- Oil prices fell on Friday amid concerns the trade war between the United States and China could intensify.
- Looming U.S. sanctions against Iran’s oil exports prevented markets from falling further.
Oil prices fell on Friday amid concerns the trade war between the United States and China could intensify, although looming U.S. sanctions against Iran’s oil exports prevented markets from falling further.
International Brent crude oil futures were at $77.55 per barrel at 0106 GMT, down 22 cents, or 0.3 percent, from their last close.
U.S. West Texas Intermediate (WTI) crude futures were down 6 cents at $70.19 a barrel.
Still, with Venezuelan supply falling sharply and concerns around U.S. sanctions against Iran that will target its oil exports from November, crude markets in August are on track to post a more than 4 percent rise for Brent and a 2 percent increase for WTI.
Despite this, some analysts cautioned that the trade disputes between the United States and other major economies, especially China and the European Union, could start to drag on economic growth and, by extension, fuel demand.
“You have to wonder if it (crude) can sustain these prices in a world where President Trump doubles down on his battle with the EU and China at the same time,” said Greg McKenna, chief market strategist at futures brokerage AxiTrader.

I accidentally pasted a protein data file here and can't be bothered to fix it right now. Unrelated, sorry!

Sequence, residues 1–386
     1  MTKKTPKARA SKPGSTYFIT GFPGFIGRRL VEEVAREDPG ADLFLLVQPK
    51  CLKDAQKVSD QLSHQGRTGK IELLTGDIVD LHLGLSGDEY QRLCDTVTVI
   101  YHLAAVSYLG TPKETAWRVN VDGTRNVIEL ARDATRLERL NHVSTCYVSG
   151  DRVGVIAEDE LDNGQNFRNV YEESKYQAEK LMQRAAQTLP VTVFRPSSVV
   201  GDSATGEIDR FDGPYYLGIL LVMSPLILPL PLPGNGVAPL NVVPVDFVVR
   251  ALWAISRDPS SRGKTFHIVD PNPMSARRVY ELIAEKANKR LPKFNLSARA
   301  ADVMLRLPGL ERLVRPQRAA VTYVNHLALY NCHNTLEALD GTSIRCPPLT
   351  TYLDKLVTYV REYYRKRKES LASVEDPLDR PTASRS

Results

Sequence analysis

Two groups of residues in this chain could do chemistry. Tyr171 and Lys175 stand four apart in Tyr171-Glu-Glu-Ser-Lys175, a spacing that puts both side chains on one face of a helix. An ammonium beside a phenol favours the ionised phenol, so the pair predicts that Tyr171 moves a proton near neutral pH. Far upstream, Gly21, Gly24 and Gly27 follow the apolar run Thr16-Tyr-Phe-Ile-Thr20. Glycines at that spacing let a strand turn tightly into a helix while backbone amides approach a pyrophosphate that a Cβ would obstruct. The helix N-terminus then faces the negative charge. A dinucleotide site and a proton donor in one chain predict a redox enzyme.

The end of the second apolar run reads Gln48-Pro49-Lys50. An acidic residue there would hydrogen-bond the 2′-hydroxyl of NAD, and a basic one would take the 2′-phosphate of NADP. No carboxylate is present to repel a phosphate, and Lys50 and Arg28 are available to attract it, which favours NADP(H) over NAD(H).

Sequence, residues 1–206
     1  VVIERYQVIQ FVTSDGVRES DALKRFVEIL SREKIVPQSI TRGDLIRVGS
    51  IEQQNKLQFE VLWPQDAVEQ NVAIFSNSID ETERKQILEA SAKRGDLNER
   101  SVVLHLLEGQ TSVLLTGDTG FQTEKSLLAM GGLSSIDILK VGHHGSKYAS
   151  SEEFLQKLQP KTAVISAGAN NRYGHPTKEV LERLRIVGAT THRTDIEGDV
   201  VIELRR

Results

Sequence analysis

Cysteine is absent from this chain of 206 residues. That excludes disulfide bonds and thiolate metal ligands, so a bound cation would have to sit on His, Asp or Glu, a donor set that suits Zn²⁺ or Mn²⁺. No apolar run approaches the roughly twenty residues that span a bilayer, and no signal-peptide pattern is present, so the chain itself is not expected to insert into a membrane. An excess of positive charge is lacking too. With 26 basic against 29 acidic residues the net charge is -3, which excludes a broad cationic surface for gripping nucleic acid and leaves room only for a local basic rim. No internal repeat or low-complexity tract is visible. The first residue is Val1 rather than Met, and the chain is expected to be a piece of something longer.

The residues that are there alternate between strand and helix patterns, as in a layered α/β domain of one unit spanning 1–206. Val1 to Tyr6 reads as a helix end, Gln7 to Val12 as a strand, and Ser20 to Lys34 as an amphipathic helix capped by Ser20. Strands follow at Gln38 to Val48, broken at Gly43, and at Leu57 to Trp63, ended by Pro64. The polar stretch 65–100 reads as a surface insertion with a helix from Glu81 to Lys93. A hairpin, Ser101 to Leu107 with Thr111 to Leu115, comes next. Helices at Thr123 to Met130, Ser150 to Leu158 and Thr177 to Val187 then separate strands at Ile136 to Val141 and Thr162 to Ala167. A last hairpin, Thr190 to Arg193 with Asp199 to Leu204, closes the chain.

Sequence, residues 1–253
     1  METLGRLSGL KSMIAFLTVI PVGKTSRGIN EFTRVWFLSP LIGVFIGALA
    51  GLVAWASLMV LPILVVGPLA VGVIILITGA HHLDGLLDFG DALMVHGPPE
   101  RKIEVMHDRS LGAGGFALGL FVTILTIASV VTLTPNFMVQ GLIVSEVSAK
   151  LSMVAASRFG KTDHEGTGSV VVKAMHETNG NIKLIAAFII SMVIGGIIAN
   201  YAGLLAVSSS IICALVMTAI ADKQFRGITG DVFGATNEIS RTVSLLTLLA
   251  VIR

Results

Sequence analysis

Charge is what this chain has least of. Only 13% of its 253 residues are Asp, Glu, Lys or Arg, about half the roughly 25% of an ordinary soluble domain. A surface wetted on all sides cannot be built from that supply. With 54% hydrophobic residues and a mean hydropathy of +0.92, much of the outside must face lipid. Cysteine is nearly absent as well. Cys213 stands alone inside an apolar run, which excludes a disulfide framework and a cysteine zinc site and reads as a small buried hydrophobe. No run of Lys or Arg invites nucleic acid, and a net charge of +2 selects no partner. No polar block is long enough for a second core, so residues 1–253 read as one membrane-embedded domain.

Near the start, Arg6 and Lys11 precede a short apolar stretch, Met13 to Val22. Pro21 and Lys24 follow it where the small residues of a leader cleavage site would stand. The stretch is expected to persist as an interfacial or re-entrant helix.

U.S. President Donald Trump is reportedly planning to ramp up trade conflict with China and has told aides he is ready to impose tariffs on $200 billion more in Chinese imports as soon as a public comment period on the plan ends next week, several media reported on Thursday.
“Assuming the trade war is about to escalate again, the questions traders will be wondering about is global growth (and) demand for crude,” McKenna said.
Meanwhile, China’s Shanghai crude oil futures, launched in March, will see delivery of their first contract on Friday.
The speed of Shanghai crude’s take-up has surprised many traders and analysts.
Among the three major crude benchmarks – WTI, Brent and Shanghai – China’s front-month crude futures now make up a share of almost 15 percent in terms of monthly volumes.
Traders said Shanghai’s fast rise reflects China’s importance as the world’s biggest oil importer. It is also part of a policy by Beijing to increasingly use the yuan currency in global trade, especially during times of economic disputes with the United States.
Since its launch in March, front-month Shanghai crude oil futures have gained almost 10 percent in value to 481 yuan ($70.31) per barrel.